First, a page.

Before the protests began, security forces deployed in large numbers in key Khartoum squares and in Omdurman, across the Nile.
"There's a heavy security deployment where the protesters were to gather for the march, but they still came out and are chanting anti-government slogans," a witness told AFP without revealing his name for security reasons.
Security agents were preventing passers-by from reaching downtown areas and ordered shops and markets in the area closed, witnesses said.
"Those walking in groups were immediately detained or asked to return to their homes by security forces," another onlooker said.
Activists in recent days have been circulating leaflets urging residents to participate in Saturday's march, residents said.
The protest movement was initially led by the Sudanese Professionals Association, but later several political parties including the main opposition National Umma Party threw their support behind it.
Analysts say the movement has emerged as the biggest challenge yet to Bashir's three-decade rule.
But the veteran leader has remained defiant, introducing tough measures that have seen protesters, opposition leaders, activists and journalists arrested.
Officials say 31 people have been killed in protest related violence so far, but Human Rights Watch has put the death toll at 51 including children and medics.


Iran says it’s defused 2nd cyberattack in less than a week

Updated 30 min 34 sec ago

Iran says it’s defused 2nd cyberattack in less than a week

  • Iranian minister said the hackers were tracked
  • The country disconnected much of its infrastructure from the Internet after the Stuxnet computer virus

TEHRAN: Iran’s telecommunications minister announced on Sunday that the country has defused a second cyberattack in less than a week, this time “aimed at spying on government intelligence.”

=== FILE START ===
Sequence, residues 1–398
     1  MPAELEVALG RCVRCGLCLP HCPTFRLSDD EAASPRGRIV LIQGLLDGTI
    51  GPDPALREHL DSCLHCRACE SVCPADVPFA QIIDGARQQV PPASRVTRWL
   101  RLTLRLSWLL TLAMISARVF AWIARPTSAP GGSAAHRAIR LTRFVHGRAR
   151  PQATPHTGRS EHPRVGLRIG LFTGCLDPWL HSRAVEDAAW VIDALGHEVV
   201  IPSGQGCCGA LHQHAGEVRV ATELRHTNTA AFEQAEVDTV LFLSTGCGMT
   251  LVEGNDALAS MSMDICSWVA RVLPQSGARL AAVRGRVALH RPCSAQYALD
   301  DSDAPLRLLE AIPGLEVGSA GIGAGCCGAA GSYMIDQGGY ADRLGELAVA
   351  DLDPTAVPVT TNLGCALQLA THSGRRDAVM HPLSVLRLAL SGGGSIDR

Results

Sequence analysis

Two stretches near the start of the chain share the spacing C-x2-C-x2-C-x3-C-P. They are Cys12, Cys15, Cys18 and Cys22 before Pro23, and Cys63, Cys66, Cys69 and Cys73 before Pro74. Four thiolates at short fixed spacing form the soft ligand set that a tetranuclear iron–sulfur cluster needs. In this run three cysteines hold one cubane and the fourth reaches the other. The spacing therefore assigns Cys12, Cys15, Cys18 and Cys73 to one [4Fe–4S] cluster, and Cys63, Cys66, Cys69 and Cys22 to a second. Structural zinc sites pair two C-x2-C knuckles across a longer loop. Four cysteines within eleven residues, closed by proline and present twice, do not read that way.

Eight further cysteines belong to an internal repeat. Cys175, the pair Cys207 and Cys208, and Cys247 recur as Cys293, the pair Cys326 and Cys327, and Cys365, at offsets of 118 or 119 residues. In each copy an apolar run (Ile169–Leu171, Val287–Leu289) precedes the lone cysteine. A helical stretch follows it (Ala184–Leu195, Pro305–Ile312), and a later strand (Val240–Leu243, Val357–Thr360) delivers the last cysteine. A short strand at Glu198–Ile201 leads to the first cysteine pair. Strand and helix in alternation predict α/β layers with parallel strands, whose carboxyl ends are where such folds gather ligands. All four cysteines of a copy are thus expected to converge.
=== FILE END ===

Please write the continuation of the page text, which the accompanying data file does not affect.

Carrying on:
Mohammad Javad Azari Jahromi said in a short Twitter post that the alleged attack was “identified and defused by a cybersecurity shield,” and that the “spying servers were identified and the hackers were also tracked.” He did not elaborate.
Last Wednesday, Jahromi told the official IRNA news agency that a “massive” and “governmental” cyberattack also targeted Iran’s electronic infrastructure. He provided no specifics on the purported attack except to say it was also defused and that a report would be released.
On Tuesday, the minister dismissed reports of hacking operations targeting Iranian banks, including local media reports that accounts of millions of customers of Iranian banks were hacked.
This is not the first time Iran says it has defused a cyberattack, though it has disconnected much of its infrastructure from the Internet after the Stuxnet computer virus, widely believed to be a joint US-Israeli creation, disrupted thousands of Iranian centrifuges in the country’s nuclear sites in the late 2000s.
In June, Washington officials said that US military cyber forces launched a strike against Iranian military computer systems as President Donald Trump backed away from plans for a more conventional military strike in response to Iran’s downing of a US surveillance drone in the strategic Arabian Gulf.
Tensions have escalated between the US and Iran ever since President Donald Trump withdrew America last year from the 2015 nuclear deal with Tehran and began a policy of “maximum pressure.” Iran has since been hit by multiple rounds of sanctions.